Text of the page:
2017: A year rooted in social change

Isabella Paredes, Editor-in-Chief

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Throughout 2017, young adults found themselves participating in rallies, wearing statement clothing and using memes as a response to nearly everything negative in the world. Regardless of whether a young adult paid attention to the trends of the entertainment industry or the ever-evolving meme culture, many movements in 2017 were rooted in the same thing: political and social change.

In the beginning of 2017, a worldwide protest, dubbed ‘The Women’s March,” was held on the day President Trump became inaugurated. Although there are no exact numbers, global participating was estimated to be over 5 million. Later in the year, people also protested the ending of DACA, the Keystone Pipeline and the repeal of Net Neutrality. In rallies across the country, both women and men were seen wearing bright pink clothing, often with slogans such as ‘Deport Trump’ and ‘Women’s Rights are Human Rights.’

The trend of wearing clothing that sports messages supporting one’s political and social views carried on throughout 2017. Stores frequented by young women, such as Charlotte Rousse and Forever 21, began carrying dresses and shirts with the word ‘Feminist’ stamped across the chest.

Even high-fashion brands have begun to show their support for social movements. In 2017, male and female models walked down many runways together as famous brands like Calvin Klein combined their collections, which were typically separated by gender.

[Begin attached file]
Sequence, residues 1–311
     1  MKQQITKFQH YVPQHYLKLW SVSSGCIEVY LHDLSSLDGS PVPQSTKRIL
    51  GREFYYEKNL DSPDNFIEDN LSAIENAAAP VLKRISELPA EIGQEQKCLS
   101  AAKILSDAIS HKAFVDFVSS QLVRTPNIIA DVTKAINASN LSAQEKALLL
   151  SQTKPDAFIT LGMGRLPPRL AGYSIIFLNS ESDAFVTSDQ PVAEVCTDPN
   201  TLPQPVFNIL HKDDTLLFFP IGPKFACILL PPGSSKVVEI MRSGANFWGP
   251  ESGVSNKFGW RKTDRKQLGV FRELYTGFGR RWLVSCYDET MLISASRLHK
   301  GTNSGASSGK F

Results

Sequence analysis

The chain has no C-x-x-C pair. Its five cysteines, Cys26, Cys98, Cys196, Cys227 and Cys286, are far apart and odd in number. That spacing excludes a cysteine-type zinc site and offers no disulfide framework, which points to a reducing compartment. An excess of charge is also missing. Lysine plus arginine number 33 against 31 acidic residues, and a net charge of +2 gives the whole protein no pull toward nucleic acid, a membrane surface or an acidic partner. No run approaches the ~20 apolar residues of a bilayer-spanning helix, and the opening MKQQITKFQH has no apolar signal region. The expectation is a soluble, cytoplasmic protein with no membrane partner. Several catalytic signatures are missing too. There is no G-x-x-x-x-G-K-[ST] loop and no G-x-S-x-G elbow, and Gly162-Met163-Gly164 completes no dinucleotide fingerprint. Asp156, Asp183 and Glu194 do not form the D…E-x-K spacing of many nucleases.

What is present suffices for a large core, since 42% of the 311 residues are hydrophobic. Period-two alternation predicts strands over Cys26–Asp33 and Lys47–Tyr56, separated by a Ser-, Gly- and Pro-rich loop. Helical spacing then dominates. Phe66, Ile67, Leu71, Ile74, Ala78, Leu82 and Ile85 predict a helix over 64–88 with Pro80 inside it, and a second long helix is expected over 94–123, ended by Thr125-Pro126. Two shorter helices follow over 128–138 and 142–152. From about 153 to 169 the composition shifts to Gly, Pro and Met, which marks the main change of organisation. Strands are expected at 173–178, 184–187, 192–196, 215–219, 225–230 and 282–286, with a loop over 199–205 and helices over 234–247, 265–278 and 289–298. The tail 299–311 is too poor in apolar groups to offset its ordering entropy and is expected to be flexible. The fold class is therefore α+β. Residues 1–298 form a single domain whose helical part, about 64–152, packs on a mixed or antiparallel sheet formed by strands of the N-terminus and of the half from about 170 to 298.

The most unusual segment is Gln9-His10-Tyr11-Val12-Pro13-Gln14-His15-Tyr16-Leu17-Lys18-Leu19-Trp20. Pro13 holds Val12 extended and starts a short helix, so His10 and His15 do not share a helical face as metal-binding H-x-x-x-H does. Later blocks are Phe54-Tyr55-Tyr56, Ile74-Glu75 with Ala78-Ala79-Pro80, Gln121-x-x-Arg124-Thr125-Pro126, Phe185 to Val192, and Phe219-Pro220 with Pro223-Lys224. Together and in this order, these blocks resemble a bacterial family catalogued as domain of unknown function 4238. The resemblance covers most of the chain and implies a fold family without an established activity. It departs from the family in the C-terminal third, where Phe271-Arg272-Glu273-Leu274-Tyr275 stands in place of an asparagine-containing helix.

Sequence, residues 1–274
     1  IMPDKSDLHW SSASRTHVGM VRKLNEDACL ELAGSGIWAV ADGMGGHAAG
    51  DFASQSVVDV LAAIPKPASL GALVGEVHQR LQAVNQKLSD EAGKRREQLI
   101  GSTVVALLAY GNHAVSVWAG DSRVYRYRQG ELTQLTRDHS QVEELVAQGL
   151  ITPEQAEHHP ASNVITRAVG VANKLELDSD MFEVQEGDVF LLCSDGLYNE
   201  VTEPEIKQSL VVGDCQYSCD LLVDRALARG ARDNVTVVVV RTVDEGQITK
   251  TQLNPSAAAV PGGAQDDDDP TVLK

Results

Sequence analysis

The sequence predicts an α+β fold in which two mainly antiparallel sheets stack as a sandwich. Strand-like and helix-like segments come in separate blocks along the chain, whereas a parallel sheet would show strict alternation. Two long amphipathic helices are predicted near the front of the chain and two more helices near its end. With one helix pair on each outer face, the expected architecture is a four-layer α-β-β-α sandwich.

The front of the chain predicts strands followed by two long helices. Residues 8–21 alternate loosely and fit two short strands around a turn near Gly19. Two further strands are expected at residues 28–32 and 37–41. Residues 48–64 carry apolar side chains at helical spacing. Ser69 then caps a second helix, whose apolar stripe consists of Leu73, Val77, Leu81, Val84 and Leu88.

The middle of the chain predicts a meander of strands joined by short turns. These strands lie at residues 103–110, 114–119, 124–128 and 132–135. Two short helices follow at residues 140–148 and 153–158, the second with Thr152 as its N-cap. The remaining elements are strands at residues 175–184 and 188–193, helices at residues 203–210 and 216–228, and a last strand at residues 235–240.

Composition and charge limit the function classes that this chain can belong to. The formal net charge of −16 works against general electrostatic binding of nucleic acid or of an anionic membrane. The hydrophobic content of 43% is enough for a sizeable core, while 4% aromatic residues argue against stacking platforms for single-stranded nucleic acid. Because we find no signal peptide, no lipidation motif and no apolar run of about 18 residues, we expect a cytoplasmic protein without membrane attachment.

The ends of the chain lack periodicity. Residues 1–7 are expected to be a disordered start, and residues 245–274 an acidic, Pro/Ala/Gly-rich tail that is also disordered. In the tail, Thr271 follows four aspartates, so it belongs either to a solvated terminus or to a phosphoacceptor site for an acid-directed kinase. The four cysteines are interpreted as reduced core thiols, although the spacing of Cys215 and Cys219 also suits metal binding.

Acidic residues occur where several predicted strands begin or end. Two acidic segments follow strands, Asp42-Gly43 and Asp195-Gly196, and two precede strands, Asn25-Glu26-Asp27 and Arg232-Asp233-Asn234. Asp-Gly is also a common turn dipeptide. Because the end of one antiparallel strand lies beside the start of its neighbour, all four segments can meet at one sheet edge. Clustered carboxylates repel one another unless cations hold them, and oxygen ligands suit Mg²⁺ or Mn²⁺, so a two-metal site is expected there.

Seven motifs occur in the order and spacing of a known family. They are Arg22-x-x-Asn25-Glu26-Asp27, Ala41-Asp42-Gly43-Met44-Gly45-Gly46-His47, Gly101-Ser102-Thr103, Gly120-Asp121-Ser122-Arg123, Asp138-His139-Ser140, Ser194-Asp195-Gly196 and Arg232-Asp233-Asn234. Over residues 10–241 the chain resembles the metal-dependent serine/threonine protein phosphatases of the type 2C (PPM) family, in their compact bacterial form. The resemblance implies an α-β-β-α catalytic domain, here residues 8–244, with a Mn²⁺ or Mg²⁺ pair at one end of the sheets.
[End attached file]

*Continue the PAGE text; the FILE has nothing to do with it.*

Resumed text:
The entertainment industry is experiencing social change. After a year where many of the highest-grossing movies told the tales of superheroes rescuing humanity (Spider-Man: Homecoming and Wonder Woman), many actors and actresses came forward to speak of their experience with sexual assault while on the job. This wave of accusations, which began in late 2017 with Harvey Weinstein and continues to present day, sparked the #MeToo movement, which encourages sexual assault survivors to come forward with their story.

Even avid consumers of video games are calling out the corporate greed that found its way into the technology industry, with the protesting of ‘loot boxes,’ which pushes players to spend money on add-ons that are unnecessary.
With the large turnout of the Second Annual Women’s March, the underlying theme of political and social progression in most trends of 2017 seems to be continuing into 2018.

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2017: A year rooted in social change